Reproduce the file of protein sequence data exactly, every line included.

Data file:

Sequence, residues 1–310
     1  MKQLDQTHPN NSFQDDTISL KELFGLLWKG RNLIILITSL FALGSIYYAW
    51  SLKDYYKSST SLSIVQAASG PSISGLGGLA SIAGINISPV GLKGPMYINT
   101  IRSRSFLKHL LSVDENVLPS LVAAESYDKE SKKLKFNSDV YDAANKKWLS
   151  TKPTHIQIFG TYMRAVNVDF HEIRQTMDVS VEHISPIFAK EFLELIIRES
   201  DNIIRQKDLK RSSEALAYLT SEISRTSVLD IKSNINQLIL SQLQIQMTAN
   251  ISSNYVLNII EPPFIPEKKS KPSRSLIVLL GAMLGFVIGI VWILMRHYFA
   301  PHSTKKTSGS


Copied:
Sequence, residues 1–310
     1  MKQLDQTHPN NSFQDDTISL KELFGLLWKG RNLIILITSL FALGSIYYAW
    51  SLKDYYKSST SLSIVQAASG PSISGLGGLA SIAGINISPV GLKGPMYINT
   101  IRSRSFLKHL LSVDENVLPS LVAAESYDKE SKKLKFNSDV YDAANKKWLS
   151  TKPTHIQIFG TYMRAVNVDF HEIRQTMDVS VEHISPIFAK EFLELIIRES
   201  DNIIRQKDLK RSSEALAYLT SEISRTSVLD IKSNINQLIL SQLQIQMTAN
   251  ISSNYVLNII EPPFIPEKKS KPSRSLIVLL GAMLGFVIGI VWILMRHYFA
   301  PHSTKKTSGS